In prokaryotes and some unicellular eukaryotes, such as Saccharomyces cerevisiae, it is well established that replication origins are sequence specific, although its nature is less clear in higher eukaryotes1,2,3,4,5. Moreover, several models were proposed suggesting that in these higher eukaryotes initiation of DNA replication could be determined epigenetically, although its regulation is not yet fully understood4,29,35,36.
There is increasing evidence indicating that the activation of normally dormant replication origins occurs as a consequence of replication fork slowdown in order to promote complete genome replication35. In turn, a decrease in the rate of replication fork movement may have different causes. It was repeatedly shown that in actively proliferating cells nucleotide pool modulates replication fork rate, origin choice and inter-origin spacing3,24,37,38,39,40,41,42,43. When actively proliferating cells are challenged with suboptimal concentrations of HU, a ribonucleotide reductase inhibitor44, the rate of fork movement slows down and replication origins that were silent in unchallenged cells become activated24,37. It is unlikely, however, that nucleotide pool alone modulates fork rate movement and inter-origin distance in differentiating cells. Silencing of replication origins has been reported during induced differentiation of mouse P19 cells at a specific locus, the HoxB domain20. In this case the nascent strand relative abundance measurement was used to map replication origins. This observation is not in contradiction with the genome wide observations made in the present report as specific loci can behave either way during differentiation21. Indeed, evidence for the progressive activation of specific replication origins in the large domains of the immunoglobulin heavy chain locus during B cell development has been reported using the single-molecule analysis of replicated DNA (SMARD) technique7. Altogether, these observations challenge the idea that nucleotide pools are the unique modulators for the rate of replication fork movement and origin choice3,24,37,38,39,40,41,42,43. In such a case, all loci would be expected to behave alike. Comparison of the results obtained for the estimation of transcription levels for RNR-S1 and DNA damage in cells exposed to HMBA or HU (Supplementary figure 2) and the rate of fork movement and inter-origin distance after serum deprivation (Supplementary figure 3) strengthens this idea.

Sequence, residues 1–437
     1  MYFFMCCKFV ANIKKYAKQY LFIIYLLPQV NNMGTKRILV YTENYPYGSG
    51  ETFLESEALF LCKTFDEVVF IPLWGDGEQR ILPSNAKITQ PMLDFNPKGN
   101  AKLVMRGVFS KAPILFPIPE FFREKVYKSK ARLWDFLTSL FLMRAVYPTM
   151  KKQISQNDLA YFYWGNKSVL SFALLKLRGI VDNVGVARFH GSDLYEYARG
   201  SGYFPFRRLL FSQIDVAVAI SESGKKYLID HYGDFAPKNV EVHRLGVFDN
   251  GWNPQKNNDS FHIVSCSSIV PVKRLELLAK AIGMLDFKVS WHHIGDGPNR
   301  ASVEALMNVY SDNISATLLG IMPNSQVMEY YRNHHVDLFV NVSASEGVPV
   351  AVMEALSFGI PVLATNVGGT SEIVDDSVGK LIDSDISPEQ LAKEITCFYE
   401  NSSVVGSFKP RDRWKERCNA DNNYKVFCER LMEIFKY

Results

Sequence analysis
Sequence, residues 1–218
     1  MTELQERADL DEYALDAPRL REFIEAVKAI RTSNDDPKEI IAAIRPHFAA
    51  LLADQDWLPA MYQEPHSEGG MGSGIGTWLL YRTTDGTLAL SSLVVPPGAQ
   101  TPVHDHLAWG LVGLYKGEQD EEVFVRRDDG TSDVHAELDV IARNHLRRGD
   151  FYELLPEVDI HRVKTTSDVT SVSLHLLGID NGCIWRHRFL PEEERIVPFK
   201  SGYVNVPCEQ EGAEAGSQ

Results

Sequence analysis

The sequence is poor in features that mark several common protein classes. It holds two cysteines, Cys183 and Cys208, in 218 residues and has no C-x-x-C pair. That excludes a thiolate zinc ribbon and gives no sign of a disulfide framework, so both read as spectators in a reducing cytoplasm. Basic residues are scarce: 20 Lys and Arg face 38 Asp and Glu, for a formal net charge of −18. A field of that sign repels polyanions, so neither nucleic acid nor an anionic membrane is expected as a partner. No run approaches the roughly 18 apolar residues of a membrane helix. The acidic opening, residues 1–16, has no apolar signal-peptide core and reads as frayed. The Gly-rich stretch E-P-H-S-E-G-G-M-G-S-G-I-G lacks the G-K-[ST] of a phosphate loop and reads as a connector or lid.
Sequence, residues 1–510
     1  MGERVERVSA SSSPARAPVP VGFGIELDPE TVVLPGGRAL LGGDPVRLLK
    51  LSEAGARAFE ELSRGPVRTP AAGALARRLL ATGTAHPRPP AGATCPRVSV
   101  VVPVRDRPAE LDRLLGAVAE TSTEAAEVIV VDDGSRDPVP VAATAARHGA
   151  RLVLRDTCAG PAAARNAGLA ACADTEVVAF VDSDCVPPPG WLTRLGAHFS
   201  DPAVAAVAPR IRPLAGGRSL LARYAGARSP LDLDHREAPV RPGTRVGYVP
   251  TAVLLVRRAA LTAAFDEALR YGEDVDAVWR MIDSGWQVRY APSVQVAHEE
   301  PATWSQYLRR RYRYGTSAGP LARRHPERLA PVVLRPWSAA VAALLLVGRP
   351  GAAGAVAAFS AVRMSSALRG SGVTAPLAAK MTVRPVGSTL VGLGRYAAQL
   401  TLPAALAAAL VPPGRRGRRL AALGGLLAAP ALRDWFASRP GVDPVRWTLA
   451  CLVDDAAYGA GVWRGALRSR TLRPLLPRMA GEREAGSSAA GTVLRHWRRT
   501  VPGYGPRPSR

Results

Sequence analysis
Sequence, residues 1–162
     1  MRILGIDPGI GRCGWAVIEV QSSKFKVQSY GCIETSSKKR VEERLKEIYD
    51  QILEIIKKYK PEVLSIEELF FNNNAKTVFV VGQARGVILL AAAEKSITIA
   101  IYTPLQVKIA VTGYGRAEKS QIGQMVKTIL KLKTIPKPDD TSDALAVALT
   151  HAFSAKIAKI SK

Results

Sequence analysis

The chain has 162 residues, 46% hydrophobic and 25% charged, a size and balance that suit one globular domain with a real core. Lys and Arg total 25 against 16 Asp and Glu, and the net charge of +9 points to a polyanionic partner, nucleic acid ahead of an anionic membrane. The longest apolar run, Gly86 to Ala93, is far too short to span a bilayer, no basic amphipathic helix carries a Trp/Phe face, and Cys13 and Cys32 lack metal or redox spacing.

On the other hand, in Drosophila melanogaster polytene chromosomes, heterochromatic regions are underreplicated, indicating that replication of satellite DNA sequences may represent a barrier for replication45. Also, there is evidence suggesting that the rate of replication fork movement differs between euchromatic and heterochromatic zones in mammalian cells46. Finally, histone acetylation was found to be a key determinant of chromatin structure. Inhibitors of histone deacetylases change chromatin structure leading to replication fork slowdown and activation of dormant origins25. HP1 belongs to a family of proteins containing a motif known as chromodomain that was originally identified as an antigen specifically localized to pericentric heterochromatin in D. melanogaster47. In mammalian cells, HP1 is a heterochromatin-associated protein that has a dose-dependent effect on gene silencing and a critical role in heterochromatin formation and maintenance19. To determine if heterochromatinization goes along with terminal differentiation in MEL cells, we used immunocytochemistry and flow cell cytometry to check the levels of HP1α in cells treated with HMBA for 0, 24 and 48 hours. The results obtained are shown in Figure 4a and b. Although HP1α was evident in proliferating cells (MEL 0 hr), the HP1α-signal increased continuously during the precommitment and commitment periods (MEL 24 and 48 hr). Flow cell cytometry indicated that the signal increased by a factor of 1.4 in those cells exposed to HMBA for 48 hr (Figure 4b). Altogether, these observations suggest that in differentiating MEL cells the slowdown of replication forks and the consequent activation of dormant origins could be due to the progressive heterochromatinization that characterizes terminal differentiation. Here, it is interesting to note that in well-defined multistep leukemia models, overexpression of Spi-1/PU.1 in mouse and humans shortens S-phase duration by acting specifically on elongation rather than enhancing origin firing48. This observation also challenges the idea that dormant origins activation is regulated by neighboring replication fork rates.